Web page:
BAYONNE, NJ - In a shift of leadership that may have significant implications for the future, a divided Bayonne Board of Education voted to appoint Maria Valado president and Chris Munoz vice president at their reorganization meeting Monday.

Munoz became the deciding vote on a board otherwise equally divided over ideological lines.

The vote unseated Joseph Broderick who had served as president of the board since 2014 when the body reverted from one appointed by the mayor to one elected by voters.

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The implications of the change, however, are not completely clear. Some critics claim that Mayor Jimmy Davis will have more influence on the board, because two members he endorsed in the last election voted with the majority to support Valado and Munoz.

Other critics, however, claim Valado and Munoz are too closely tied to Peter Franco, a well-known Davis opponent.

Denis Wilbeck, who previously served as vice president for the board, Broderick, Ava Finnerty, and Michael Alonso voted unsuccessfully against Valado and Muniz, but failed to nominate their own candidates.

Valado and Munoz benefited from the support of newly elected trustees Jan Patrick Egan and Lisa Burke, as well as incumbent Joan Casais.

Munoz, apparently conscious of his position as the deciding vote, said he hoped to work with those trustees who voted against him.

Valado, who said that she also would seek to win the trust of those trustees who opposed her, thanked outgoing Broderick for the work he did as president, while at the same time predicting that the board would become more responsible to the public, by more directly responding to their concerns.

“We will respond in a timely manner,” she said, noting that under her watch the board would support the needs of students and teachers.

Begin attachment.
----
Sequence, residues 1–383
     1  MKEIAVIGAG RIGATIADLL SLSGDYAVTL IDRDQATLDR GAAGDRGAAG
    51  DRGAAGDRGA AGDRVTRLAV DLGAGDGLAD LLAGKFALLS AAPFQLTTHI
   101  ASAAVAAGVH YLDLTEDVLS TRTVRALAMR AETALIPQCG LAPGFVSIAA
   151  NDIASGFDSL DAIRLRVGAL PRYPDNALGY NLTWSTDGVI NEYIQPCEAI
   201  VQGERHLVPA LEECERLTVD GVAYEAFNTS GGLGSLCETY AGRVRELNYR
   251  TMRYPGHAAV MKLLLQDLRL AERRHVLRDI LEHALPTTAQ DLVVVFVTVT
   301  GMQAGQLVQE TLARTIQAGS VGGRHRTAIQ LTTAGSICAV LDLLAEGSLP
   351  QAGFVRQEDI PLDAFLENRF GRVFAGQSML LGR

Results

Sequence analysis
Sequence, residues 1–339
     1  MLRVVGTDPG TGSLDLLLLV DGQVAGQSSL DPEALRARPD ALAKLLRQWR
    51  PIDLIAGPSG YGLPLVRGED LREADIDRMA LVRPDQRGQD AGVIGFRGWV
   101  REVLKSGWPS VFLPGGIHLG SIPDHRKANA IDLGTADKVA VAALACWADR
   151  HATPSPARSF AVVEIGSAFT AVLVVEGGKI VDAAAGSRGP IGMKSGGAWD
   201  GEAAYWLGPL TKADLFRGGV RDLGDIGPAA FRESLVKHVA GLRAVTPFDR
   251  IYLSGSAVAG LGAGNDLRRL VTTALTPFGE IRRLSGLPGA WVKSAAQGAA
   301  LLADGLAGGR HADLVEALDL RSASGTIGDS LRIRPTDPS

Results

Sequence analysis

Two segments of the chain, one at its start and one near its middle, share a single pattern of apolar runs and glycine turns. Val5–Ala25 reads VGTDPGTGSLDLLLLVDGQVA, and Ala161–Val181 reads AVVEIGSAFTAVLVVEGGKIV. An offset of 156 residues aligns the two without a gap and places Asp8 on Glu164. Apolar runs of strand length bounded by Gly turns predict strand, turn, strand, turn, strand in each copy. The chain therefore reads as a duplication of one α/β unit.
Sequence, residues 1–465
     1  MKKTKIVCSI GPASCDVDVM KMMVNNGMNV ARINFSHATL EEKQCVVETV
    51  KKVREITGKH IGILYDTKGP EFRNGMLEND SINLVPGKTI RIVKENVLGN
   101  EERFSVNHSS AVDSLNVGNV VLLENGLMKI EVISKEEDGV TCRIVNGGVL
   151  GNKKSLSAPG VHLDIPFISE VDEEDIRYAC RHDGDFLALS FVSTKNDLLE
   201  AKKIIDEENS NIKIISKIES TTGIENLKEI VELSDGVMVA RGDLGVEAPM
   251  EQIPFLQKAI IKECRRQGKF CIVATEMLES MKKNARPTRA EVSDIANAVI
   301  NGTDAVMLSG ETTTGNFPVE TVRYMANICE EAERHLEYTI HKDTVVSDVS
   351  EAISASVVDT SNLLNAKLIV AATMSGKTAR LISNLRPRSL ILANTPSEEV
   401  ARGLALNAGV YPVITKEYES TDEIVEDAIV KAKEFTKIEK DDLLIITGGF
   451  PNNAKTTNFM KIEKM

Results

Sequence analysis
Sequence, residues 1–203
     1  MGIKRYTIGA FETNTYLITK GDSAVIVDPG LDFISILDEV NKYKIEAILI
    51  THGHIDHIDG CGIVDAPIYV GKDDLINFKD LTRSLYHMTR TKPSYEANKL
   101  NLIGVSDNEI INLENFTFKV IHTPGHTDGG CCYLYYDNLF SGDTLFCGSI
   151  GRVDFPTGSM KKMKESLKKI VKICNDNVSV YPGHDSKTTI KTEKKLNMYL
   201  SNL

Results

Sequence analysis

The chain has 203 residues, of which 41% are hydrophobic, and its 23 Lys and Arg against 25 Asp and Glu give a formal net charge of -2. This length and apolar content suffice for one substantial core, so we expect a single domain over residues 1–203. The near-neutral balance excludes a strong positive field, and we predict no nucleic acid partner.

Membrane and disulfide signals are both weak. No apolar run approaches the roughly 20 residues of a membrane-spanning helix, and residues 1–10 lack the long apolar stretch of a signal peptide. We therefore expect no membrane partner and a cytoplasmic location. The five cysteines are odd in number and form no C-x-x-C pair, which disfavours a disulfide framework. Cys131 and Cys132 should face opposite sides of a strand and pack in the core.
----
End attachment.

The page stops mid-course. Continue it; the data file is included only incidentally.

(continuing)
Mike Morris, speaking in the public portion, called it “a sad night” that saw the removal of Broderick as president.

“This is a sad night for the city of Bayonne, the school districts and the students,” he said. “Mr. Broderick was a seasoned, professional negotiator.”

Morris said he did not vote for Valado and does not believe that she has enough experience to serve as presidents.

“But this is the democratic process and I must accept it,” he said, before addressing Valado directly. “You have big shoes to fill and hopefully you can do it because we are at a crossroads in the Bayonne school system.” 

“We are here because Trustee Broderick brought us here.”

MelissaGodesky-Rodriguez, who unsuccessfully ran for the school board in November, asked in the public session if the board would maintain the precedent set by the previous board by maintaining the relationship it started last year with various parent-teacher organizations, 

Valado, and other board members, assured Rodriguez that there would be a continued communication between the board and these groups, with Finnerty encouraging the new board president to assign each member to a specific school, making them responsible to report back about each school’s activities.

Rodriguez also asked about the ongoing agreement between the school district and Hudson County Community College that allows high school students to achieve college credits, drawing a response from school administrators that not only are they reaching out to eighth graders to make them aware of the program, but also that the partnership with HCCC is just one of several opportunities for students to earn college credit while studying at Bayonne High School.

The Bayonne Board of Education is scheduled to meet next on Tuesday, January 28.